19 Coal and petroleum products, nec 1,498 1.8 4,709 4 416 3.8 55 43.5 1.7 34.5 2.5 41.3 2.9 14.4
20 Basic chemicals S S S S S S S S S S S S S S
21 Pharmaceutical products S S S S S S 978 S S S S S S 17.3
22 Fertilizers S S S S S S S S S S S S S S
23 Chemical products and preparations, nec 1,237 1.5 359 0.3 S S 565 42.7 1.1 37.1 0.1 S S 26.2
24 Plastics and rubber 1,438 1.7 399 0.3 94 0.9 128 12.7 0.5 13.7 0.2 24.8 0.3 28.8
25 Logs and other wood in the rough 3 - 2 - S S S 36.5 - 38.3 - S S S
26 Wood products 408 0.5 268 0.2 19 0.2 82 34.1 0.1 31.5 0.1 39.2 0.1 34.8
27 Pulp, newsprint, paper, and paperboard 263 0.3 208 0.2 39 0.4 S 15.6 0.1 17.4 - 30.3 0.1 S
28 Paper or paperboard articles 553 0.7 439 0.4 S S S 37.7 0.5 46.6 0.3 S S S
29 Printed products 1,105 1.3 298 0.3 129 1.2 1,392 25.6 0.9 44.1 0.4 35.6 1.1 16.7
30 Textiles, leather, and articles of textiles or leather 778 0.9 59 0.1 39 0.4 1,096 18.7 0.4 23.2 - 26.4 0.2 13.4
31 Nonmetallic mineral products 2,073 2.4 19,841 16.8 1,456 13.4 168 19.7 0.6 21.9 4.9 17.5 5.1 21.7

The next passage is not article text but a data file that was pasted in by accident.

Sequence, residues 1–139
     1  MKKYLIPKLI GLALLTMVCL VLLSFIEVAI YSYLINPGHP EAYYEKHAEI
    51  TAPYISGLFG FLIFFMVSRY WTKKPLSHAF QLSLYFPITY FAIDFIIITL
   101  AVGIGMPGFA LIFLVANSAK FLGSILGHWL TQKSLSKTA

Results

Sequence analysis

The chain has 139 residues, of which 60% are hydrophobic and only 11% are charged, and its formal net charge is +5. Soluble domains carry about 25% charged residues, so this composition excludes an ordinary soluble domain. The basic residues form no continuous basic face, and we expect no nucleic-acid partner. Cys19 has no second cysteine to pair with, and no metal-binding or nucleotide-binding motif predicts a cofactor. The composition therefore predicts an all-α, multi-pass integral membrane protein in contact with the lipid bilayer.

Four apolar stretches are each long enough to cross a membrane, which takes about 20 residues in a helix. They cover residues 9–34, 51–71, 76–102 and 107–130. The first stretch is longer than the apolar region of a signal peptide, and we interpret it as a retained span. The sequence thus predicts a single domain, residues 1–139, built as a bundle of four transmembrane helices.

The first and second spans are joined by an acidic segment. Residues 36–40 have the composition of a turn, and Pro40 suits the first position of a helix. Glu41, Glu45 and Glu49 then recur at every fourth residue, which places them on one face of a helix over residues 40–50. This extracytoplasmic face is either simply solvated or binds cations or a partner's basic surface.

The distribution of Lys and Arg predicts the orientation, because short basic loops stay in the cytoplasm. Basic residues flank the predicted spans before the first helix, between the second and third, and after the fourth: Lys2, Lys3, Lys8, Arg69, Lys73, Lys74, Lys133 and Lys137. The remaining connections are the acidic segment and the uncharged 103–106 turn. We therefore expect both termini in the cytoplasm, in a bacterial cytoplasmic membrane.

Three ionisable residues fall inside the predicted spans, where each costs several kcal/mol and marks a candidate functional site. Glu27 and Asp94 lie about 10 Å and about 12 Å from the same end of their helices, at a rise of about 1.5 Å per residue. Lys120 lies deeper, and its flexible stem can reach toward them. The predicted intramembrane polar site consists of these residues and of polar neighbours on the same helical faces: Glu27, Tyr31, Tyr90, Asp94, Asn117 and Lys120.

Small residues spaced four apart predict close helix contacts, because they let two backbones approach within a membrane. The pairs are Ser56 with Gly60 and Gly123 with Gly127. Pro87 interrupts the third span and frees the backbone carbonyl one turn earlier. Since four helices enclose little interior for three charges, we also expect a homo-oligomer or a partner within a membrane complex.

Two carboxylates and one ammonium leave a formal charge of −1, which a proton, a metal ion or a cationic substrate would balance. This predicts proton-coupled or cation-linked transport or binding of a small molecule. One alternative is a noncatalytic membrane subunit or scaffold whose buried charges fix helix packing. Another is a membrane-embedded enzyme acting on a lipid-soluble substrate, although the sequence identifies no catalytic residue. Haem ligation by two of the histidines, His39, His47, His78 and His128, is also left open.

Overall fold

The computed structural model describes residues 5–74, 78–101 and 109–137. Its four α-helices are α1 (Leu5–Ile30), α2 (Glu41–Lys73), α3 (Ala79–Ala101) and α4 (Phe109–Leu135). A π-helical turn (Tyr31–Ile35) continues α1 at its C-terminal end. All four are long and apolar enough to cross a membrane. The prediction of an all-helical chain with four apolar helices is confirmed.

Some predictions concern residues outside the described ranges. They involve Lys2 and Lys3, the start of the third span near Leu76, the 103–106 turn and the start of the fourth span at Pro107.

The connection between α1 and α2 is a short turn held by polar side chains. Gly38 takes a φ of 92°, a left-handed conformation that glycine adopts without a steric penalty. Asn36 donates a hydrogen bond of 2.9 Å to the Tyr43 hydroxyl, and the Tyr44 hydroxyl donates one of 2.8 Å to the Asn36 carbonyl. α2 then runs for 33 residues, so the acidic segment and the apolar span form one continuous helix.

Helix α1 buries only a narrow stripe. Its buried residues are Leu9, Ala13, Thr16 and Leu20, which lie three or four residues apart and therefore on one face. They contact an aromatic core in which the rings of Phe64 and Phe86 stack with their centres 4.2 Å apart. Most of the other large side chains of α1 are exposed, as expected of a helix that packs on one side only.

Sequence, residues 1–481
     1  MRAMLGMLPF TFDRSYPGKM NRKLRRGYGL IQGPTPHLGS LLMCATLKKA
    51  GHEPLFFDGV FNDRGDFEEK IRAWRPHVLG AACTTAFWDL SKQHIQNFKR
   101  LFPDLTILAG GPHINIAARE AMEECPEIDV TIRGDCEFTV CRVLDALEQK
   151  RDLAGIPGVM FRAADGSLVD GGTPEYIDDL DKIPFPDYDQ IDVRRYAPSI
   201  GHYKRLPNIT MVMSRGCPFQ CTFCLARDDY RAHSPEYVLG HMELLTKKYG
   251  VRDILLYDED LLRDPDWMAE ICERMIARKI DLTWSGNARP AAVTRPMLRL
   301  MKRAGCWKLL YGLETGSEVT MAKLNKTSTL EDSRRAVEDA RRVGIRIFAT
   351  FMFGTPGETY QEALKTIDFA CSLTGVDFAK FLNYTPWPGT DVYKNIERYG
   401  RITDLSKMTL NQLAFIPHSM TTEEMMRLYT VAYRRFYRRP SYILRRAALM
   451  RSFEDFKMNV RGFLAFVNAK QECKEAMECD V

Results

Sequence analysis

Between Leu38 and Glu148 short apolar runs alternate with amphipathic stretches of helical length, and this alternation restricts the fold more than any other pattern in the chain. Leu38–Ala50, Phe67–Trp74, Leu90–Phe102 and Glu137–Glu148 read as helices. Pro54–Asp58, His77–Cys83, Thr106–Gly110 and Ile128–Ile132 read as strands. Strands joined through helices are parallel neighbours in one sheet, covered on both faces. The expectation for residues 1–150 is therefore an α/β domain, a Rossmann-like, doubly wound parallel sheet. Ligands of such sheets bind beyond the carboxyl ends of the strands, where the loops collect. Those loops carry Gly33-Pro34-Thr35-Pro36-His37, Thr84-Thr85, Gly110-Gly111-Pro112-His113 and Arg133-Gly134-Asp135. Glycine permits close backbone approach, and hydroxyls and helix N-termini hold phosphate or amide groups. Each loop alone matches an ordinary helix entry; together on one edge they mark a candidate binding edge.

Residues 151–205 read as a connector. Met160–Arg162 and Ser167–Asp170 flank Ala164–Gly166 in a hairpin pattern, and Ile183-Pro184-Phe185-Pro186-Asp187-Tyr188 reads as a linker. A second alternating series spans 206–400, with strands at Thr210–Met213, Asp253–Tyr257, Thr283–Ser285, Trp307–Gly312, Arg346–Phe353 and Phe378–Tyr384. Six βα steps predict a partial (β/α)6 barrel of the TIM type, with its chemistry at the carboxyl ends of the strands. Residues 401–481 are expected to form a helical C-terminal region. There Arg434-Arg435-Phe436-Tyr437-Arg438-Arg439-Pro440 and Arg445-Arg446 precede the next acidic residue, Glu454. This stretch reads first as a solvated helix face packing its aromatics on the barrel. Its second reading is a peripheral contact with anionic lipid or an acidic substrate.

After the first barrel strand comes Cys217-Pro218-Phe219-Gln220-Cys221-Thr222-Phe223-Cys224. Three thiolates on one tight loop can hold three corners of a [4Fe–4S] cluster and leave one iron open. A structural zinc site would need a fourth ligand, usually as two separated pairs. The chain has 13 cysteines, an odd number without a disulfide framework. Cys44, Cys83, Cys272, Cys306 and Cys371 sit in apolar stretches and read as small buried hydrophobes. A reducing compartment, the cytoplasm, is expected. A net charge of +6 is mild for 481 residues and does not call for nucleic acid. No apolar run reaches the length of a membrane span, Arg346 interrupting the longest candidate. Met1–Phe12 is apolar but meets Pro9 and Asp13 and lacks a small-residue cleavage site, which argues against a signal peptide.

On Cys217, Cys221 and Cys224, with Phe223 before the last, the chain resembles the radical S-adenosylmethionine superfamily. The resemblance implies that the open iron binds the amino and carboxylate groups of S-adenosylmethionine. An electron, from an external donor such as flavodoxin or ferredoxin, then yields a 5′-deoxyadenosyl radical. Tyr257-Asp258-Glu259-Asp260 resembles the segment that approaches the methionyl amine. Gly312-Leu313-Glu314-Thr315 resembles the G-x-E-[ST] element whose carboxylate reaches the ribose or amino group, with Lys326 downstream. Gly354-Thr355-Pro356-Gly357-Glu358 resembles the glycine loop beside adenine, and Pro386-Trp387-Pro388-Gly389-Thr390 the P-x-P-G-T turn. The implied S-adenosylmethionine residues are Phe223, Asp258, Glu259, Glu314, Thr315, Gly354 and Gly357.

32 Base metal in prim. or semifin. forms & in finished basic shapes 1,518 1.8 1,742 1.5 349 3.2 116 31.3 0.9 33.2 0.4 36.9 0.9 16.2
33 Articles of base metal 1,228 1.4 512 0.4 S S 247 27.2 0.7 43 0.2 S S 40.7
34 Machinery 2,258 2.7 511 0.4 S S 320 21.5 0.8 47.1 0.4 S S 31.3
35 Electronic & other electrical equip & components & office equip 1,748 2.1 S S S S 1,399 43.5 1.9 S S S S 19.7
36 Motorized and other vehicles (including parts) S S S S S S S S S S S S S S
37 Transportation equipment, nec 553 0.7 S S S S 941 27.2 0.3 S S S S 9.9
38 Precision instruments and apparatus 406 0.5 4 - S S 556 40.2 0.5 36.1 - S S 35.3
39 Furniture, mattresses & mattress supports, lamps, lighting 563 0.7 70 0.1 50 0.5 1,069 39.9 0.7 39.1 0.1 45 0.3 24.7
40 Miscellaneous manufactured products 1,945 2.3 263 0.2 79 0.7 1,068 18.6 0.9 24.2 0.2 29.4 0.3 11.7
41 Waste and scrap S S S S S S 166 S S S S S S 44.9
43 Mixed freight 6,258 7.4 2,108 1.8 366 3.4 168 18.3 2.5 16.3 0.7 14.6 1.3 18.4
99 Commodity Unknown S S S S S S S S S S S S S S